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The weight of air

28. 02. 2010.

My son came home from school (2nd grade high school) with a question for me: How much does a cubic meter of air weigh? Or, more precisely, what is the mass of a cubic meter of air, at sea level, at 20 degrees Centigrade?

He had successfully solved a physics problem in class, and as a consequence of his calculations it turned out that the mass of one cubic meter of air is, approximately, a little more than one kilogram. I was totally surprised and said that this can’t be right, but his teacher, his textbook and the ultimate authority for everything – the Internet – had apparently already confirmed this (he checked all three).

I thought he might be wrong and had to check for myself. Well, sure enough, there it was on Wikipedia in black letters on a white background – 1.204 kg/m3.

I decided to do a Twitter and Facebook poll with my dear followers / friends. I found the results really interesting.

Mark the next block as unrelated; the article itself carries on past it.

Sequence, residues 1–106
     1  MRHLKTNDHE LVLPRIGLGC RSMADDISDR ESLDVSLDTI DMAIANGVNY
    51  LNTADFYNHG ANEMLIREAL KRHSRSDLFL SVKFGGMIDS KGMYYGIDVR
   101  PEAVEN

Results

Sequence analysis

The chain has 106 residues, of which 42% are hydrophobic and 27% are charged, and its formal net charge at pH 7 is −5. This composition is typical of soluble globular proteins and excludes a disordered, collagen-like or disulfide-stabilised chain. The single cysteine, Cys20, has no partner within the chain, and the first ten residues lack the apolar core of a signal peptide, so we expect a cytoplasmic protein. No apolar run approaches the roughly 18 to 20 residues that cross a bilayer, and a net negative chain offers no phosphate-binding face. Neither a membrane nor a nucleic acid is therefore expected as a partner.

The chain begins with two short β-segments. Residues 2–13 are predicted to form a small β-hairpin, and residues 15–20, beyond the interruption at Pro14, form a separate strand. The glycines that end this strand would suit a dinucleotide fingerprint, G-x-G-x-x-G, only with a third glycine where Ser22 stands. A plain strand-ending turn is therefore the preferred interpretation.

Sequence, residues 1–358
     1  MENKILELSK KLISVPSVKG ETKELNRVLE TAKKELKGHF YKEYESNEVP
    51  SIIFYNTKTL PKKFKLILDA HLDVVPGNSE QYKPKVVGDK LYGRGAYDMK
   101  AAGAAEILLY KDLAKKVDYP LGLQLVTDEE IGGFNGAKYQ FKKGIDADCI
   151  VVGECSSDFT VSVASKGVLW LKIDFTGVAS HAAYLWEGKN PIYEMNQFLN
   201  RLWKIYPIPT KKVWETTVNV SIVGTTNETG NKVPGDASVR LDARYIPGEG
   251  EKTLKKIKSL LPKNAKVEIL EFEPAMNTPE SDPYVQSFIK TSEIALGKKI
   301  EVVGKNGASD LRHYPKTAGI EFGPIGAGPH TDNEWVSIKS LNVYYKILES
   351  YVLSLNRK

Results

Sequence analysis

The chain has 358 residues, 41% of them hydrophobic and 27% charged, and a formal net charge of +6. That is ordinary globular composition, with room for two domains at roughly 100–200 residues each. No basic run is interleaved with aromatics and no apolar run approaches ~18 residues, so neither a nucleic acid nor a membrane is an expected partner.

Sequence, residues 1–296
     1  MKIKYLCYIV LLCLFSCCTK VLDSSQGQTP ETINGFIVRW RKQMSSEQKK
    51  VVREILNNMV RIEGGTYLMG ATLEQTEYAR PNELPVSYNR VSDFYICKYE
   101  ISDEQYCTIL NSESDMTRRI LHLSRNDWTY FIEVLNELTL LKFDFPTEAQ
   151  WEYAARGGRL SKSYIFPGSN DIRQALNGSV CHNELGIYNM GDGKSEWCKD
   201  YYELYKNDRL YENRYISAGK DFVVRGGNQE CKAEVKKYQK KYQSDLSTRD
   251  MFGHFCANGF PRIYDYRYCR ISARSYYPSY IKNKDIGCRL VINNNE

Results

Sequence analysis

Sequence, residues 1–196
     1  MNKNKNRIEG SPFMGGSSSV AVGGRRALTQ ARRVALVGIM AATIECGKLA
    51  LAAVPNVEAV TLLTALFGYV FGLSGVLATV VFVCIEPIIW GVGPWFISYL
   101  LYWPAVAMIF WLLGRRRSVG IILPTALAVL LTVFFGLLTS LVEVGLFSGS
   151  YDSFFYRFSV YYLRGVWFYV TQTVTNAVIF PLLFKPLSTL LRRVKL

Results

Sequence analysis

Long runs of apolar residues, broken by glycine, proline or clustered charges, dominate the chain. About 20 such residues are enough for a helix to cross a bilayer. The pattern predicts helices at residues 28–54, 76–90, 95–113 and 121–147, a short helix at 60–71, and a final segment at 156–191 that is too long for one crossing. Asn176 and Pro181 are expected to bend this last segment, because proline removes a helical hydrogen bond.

Poll results: What is the mass of 1 m3 of air?

The answers were evenly split amongst the two extreme values – 1 gram and 1 kilogram, with 10 and 100 gram answers getting relatively few votes ( I asked in the poll question to please vote / answer without Googling first). This neck-and-neck pattern of the two opposed answers was quite consistent throughout the answering period, regardless of the number of votes.

What does this really mean? I don’t really know. I might guess that a number of voters knew this answer from before (Danica a.k.a NikiBGD was *shocked* that people would not know this .-)), getting it right, and that the ones answering “one gram” went after their intuitive guess – as I almost certainly would have done.

For me, this is just one more example of the scientific facts being really, really different from what we might expect from our own experience.

Also, it was my most-answered poll so far (it *did* take one FB posting & several tweets over a few days and thanx to all who retweeted) and also a welcome opportunity to squeeze one more blog post into the last hours of this February.

Take care y’all – comments welcome, particularly from those who noted that blog comments might be a more appropriate forum for a discussion than FB 🙂


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